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How The Post-COVID Future Will Be Different: 5 Positive Predictions About The Future Of Work

The world is upside down and sometimes it can be tough (really tough, if we’re honest) to stay optimistic and maintain sanity. Questions are everywhere: What the future will hold? What will we learn? How will life (continue to) change? And what will the new normal be?

We’re experiencing shifts in so many facets of life from family and community to work and how we socialize. While we may worry about the worst, a positive future is likely when considering what your company will do for you, how you will work with others, how your workplace and technology will change, how your company will modify its overall approaches and even how you take advantage of career opportunities.

The future will be bright—and there is cause for hope—in these 5 key areas:


Your employer will expand the support they provide you. Many employers have added to employee support systems as a result of the coronavirus crisis, and it is likely this new programming will be maintained. Companies have been forced to consider employee wellbeing more holistically—in terms of not only the physical, but also mental and emotional wellbeing. The wellness centers set up during the pandemic or morning meditations your company began offering are likely to continue. In addition, companies are learning how important employee engagement and motivation are—no matter where people are working—and this knowledge will inform a greater level of support for employees.

Support for mental health will be embraced. Isolation is a primary factor in depression, anxiety and other significant mental health issues—and the need for physical and social distancing has only exacerbated this struggle. Previously, mental health may not have received the necessary attention it deserved. But with a potential increase in mental health issues, there is a greater appreciation for its importance and for the ways companies can provide solutions, employment benefits and programming to help employees.

Leadership will improve. Throughout a crisis, leadership is more important than ever. It is also clear which leadership behaviors are most effective. In the toughest times, the leaders who excel are those who communicate clearly, stay calm and strong, demonstrate empathy, think long-term and take appropriate decisive action. It is likely these difficult times will filter out leaders who are less stellar. During normal times, leaders may be able to slide by with less effective approaches, but when crisis hits, true character is revealed. It’s possible some ineffective leaders may be able to hide, but it’s likely leaders will become more effective overall. Those who weren’t the best will step up. Those who can’t improve their game will be weeded out. Those who are the most effective will receive plenty of praise and reinforcement, thus setting new standards for all.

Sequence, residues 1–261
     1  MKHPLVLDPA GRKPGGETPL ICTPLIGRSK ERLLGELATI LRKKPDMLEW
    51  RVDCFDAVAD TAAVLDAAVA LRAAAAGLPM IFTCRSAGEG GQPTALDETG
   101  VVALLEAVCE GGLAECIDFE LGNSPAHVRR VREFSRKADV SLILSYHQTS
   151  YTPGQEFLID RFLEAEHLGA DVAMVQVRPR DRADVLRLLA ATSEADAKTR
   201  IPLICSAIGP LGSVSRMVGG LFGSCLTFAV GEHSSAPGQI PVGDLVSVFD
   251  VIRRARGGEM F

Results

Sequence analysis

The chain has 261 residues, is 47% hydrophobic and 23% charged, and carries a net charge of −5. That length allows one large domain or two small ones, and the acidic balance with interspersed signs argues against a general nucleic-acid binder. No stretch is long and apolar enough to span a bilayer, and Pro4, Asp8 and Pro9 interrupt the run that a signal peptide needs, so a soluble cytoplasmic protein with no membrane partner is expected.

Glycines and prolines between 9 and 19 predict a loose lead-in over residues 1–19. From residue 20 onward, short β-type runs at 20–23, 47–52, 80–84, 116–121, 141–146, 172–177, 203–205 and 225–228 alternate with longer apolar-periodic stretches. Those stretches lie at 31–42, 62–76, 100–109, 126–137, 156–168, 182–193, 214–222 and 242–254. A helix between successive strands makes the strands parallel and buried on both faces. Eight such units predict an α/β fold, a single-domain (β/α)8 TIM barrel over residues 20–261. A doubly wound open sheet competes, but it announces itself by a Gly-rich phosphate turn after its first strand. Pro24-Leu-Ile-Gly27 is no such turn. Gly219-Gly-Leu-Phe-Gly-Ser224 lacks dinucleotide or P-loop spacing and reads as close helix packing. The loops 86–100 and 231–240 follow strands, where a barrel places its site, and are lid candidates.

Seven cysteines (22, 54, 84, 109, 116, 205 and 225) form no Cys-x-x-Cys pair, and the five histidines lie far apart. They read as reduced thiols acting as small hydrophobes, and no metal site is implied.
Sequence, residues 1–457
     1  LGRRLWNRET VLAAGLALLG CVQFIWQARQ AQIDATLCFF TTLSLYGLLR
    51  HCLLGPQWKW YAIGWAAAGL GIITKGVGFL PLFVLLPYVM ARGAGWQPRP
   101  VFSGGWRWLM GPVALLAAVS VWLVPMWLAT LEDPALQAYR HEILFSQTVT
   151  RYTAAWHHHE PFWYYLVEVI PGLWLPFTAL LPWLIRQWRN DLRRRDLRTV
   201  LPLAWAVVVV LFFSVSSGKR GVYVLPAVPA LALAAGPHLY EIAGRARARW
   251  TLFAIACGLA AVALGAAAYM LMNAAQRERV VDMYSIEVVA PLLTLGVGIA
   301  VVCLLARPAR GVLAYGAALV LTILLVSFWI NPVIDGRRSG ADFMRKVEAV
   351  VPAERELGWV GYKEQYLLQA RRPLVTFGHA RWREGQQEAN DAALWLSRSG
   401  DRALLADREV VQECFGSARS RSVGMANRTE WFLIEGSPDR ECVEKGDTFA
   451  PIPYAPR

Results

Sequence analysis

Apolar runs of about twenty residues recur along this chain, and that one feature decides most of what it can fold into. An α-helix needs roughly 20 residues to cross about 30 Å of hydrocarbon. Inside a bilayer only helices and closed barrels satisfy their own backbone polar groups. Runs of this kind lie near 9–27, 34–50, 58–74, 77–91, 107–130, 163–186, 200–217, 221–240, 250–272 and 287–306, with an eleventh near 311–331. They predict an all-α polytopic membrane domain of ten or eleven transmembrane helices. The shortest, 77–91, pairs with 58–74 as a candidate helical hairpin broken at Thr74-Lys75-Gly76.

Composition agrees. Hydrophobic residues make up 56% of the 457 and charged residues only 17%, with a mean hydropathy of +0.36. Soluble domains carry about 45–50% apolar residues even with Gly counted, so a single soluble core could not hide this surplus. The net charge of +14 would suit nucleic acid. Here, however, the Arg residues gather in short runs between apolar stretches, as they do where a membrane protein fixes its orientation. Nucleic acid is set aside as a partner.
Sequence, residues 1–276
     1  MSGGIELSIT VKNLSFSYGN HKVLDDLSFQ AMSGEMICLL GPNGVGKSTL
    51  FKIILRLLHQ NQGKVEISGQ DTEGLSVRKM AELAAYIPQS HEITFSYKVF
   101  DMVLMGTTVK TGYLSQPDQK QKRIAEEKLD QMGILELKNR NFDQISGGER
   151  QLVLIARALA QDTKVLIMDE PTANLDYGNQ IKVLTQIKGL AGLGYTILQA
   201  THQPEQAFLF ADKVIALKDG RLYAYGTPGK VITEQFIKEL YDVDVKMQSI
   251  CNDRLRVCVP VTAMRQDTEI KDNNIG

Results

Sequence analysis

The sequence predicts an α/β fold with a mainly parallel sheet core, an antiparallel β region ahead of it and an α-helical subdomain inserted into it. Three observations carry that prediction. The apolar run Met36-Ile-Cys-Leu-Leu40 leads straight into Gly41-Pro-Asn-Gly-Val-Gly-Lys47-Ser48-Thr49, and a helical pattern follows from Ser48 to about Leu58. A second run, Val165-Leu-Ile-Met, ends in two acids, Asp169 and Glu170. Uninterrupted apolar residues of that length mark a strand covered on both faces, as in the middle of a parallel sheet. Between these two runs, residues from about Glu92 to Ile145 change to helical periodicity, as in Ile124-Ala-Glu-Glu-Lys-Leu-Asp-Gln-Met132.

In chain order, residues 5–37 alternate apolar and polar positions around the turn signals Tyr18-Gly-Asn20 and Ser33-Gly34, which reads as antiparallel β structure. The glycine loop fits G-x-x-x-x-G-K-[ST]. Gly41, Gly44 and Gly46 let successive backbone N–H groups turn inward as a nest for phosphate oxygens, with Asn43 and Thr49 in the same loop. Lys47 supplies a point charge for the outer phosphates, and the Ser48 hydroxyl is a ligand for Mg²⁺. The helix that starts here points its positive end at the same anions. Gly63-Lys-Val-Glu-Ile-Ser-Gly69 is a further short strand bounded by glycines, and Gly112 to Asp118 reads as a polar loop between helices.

Company culture will become a focus. Like leadership, company culture is paramount to an organization’s success. If culture is “the way things get done around here” or “what people do when no one is looking”, it has become especially critical in guiding actions and decisions of both leaders and employees. It is likely companies will increasingly acknowledge the importance of culture as context for performance and employee engagement—focusing on monitoring, managing and curating a culture by design (rather than a culture by default).


Your relationship with your teammates will improve. Nothing is more significant in creating bonds between teammates than a common enemy, and the coronavirus struggle is a perfect example of what will strengthen relationships. These are very tough times and when we come out on the other side—having gone through it together—we will have new levels of connection with our colleagues. You’ll be excited to see people you missed during your furlough or work-from-home period. And you’ll share a lasting bond with teammates with whom you’ve worked to solve problems and act proactively during these difficult times. Work is fundamentally social—and today, and in the future, co-workers will occupy an even more important place in our work experience.

Work will allow for more diversity. The traditional approach to work may not have been as welcoming to those with different capabilities—physically, mentally or socially. But allowing people to work from home has made way for more people to contribute in new ways. Companies will realize how much those with differing capabilities are able to contribute. As a result, we will see an expanded view of how lots of people can bring their best to work—through inclusive design, new policies and practices, and new approaches to teamwork that support different ways of working.

Your boss and teammates will be more empathetic about your work-life. After having been home so much—especially without helpful services like childcare and cleaning services—managers and colleagues will have new respect for life’s demands, and appreciation for all-things family. They will more deeply understand what it takes to orchestrate your personal life from cooking to supporting kids in their school work. In addition, they will have a refreshed level of appreciation for the ways family and friends are critical to life and happiness.


Work will become more flexible. Many companies have been resistant to letting employees work from home, but this unexpected global work-from-home experiment has forced companies to accept it as a legitimate option. Companies have put greater technology systems and support in place to facilitate mobile working. Teams are figuring out how to collaborate at a distance and leaders are improving their ability to manage based on outcomes and objectives rather than presence. Companies will expand the acceptability of remote work, and they will provide more choice and flexibility to employees to work wherever they can get their best work done, including away from the office.